Italian wine labels can be a bit overwhelming for those who are not familiar with the terminology and classifications used. Understanding these labels is essential for choosing the right wine for your palate and occasion. In this article, we will break down the key terms and classifications found on Italian wine labels, making it easier for you to navigate the vast world of Italian wines.
The Wine Classification System
Italian wines are classified into four main categories: VdT (Vino da Tavola), IGT (Indicazione Geografica Tipica), DOC (Denominazione di Origine Controllata), and DOCG (Denominazione di Origine Controllata e Garantita).
VdT (Vino da Tavola)
VdT is the lowest classification on the Italian wine label hierarchy. It translates to “table wine” and represents wines that are made with minimal regulations. These wines are often simple and meant for everyday drinking. They may indicate the region where they were produced but have no specific quality or production requirements.
IGT (Indicazione Geografica Tipica)
The IGT classification is one step above VdT and represents wines that are made in a specific geographical area and follow certain regulations. These wines are often a blend of different grape varieties and may have specific aging requirements. IGT wines offer more quality and character than VdT wines but are still considered everyday drinking wines.
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DOC (Denominazione di Origine Controllata)
DOC is a higher classification that represents wines made in a specific region, following strict production regulations. These regulations include the types of grapes allowed, the maximum yield per hectare, the minimum alcohol content, and specific aging requirements. DOC wines are considered to be of good quality and represent the typical style of the region.
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DOCG (Denominazione di Origine Controllata e Garantita)
DOCG is the highest classification level in Italy and represents wines of the highest quality. These wines must meet all the requirements of DOC wines, but they undergo additional testing and tasting to ensure their superior quality. The labels of DOCG wines bear a numbered government seal that guarantees their authenticity. DOCG wines are often considered to be the best expressions of their respective regions.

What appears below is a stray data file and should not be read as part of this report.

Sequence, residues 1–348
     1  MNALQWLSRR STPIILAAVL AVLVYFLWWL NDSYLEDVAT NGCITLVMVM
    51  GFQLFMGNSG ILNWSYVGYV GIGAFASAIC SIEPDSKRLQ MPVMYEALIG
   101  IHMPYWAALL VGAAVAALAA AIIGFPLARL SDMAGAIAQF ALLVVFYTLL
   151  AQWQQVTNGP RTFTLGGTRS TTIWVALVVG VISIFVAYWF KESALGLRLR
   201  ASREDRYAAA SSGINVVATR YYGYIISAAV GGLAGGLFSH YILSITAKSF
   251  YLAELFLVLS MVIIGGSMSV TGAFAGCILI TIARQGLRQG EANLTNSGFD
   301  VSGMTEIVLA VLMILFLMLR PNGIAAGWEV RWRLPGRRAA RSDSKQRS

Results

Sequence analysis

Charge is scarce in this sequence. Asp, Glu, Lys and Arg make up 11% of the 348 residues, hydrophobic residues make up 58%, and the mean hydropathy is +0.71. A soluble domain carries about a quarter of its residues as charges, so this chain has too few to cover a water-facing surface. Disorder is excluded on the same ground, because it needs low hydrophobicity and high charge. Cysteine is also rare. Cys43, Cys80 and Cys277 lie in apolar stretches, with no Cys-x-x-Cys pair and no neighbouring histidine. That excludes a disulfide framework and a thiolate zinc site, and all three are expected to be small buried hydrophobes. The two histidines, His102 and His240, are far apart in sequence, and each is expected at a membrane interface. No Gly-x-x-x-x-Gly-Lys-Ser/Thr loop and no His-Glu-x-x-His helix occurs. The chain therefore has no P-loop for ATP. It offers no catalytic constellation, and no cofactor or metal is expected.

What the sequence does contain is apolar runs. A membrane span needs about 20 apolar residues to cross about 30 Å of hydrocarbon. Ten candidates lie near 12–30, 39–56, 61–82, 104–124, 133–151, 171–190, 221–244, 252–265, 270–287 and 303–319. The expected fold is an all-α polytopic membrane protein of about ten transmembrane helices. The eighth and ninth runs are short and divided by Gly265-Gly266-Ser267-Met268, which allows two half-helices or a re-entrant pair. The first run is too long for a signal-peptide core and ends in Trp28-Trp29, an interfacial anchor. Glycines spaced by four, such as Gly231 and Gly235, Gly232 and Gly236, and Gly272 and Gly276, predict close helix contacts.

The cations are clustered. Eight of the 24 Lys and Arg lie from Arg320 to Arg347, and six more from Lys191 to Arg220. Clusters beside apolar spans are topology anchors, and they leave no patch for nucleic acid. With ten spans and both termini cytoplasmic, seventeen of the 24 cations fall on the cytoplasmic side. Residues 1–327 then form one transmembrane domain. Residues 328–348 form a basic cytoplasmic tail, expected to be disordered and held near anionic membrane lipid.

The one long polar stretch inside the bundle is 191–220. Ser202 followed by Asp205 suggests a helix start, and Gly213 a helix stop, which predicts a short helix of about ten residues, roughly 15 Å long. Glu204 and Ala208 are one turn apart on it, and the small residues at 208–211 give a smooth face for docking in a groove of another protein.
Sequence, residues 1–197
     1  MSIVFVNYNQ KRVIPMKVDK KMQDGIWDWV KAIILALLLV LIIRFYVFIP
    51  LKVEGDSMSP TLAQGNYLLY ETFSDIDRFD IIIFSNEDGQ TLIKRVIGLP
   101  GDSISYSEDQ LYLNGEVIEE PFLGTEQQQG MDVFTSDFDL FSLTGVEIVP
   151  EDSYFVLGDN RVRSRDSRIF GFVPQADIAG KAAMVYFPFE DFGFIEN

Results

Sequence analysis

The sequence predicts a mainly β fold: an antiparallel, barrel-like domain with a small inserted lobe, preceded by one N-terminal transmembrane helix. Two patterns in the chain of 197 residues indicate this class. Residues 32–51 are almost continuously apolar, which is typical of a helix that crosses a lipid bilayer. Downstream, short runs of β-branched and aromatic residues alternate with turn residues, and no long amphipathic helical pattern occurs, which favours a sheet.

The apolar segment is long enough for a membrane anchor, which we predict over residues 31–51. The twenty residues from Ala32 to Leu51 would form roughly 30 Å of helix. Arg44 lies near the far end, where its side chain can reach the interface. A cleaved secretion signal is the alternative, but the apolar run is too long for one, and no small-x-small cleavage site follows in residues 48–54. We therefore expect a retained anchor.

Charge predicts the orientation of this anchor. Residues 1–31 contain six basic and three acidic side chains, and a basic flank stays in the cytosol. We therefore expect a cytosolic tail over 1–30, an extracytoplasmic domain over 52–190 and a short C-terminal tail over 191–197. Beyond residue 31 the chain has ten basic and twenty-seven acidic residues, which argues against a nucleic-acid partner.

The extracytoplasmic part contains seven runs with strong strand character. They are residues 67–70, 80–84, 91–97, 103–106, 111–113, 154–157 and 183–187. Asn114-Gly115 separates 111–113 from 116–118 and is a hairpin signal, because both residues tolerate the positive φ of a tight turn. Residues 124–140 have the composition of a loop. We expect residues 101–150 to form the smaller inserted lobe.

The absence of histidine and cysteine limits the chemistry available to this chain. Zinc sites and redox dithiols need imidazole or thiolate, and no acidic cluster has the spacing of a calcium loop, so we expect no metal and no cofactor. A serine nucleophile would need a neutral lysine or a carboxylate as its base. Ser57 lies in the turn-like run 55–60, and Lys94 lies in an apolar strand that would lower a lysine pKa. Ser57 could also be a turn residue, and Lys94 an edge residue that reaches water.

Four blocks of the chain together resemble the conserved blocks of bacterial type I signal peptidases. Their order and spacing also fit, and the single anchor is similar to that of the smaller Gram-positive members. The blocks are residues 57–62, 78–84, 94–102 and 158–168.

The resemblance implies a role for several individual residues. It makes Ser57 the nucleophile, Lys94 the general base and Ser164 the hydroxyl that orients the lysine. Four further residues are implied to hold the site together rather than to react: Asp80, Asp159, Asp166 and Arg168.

Terms on Italian Wine Labels
Italian wine labels can also feature various terms that provide further information about the wine. Here are some common terms you might come across:
The term “Riserva” indicates that the wine has been aged for a longer period than the regular version of the same wine. This additional aging enhances the wine’s complexity and often results in a more refined and elegant flavor profile.
“Classico” refers to wines that are produced in the original historical vineyard area of a particular region. These vineyards are usually considered to be the best and most representative of the region, producing wines of superior quality.
“Superiore” indicates that the wine has a higher alcohol content compared to the regular version of the same wine. This can result in a fuller-bodied wine with greater complexity and intensity of flavors.
“Spumante” refers to sparkling wines. These wines undergo a secondary fermentation process that produces carbonation, creating the characteristic bubbles in the wine.
“Frizzante” also refers to sparkling wines but with a lower level of carbonation compared to Spumante. The bubbles in Frizzante wines tend to be gentler and less persistent.
By understanding the terms and classifications on Italian wine labels, you can make more informed choices when selecting Italian wines. Whether you’re looking for an everyday drinking wine or a special bottle for a celebration, the label will provide valuable insights into the wine’s quality and characteristics.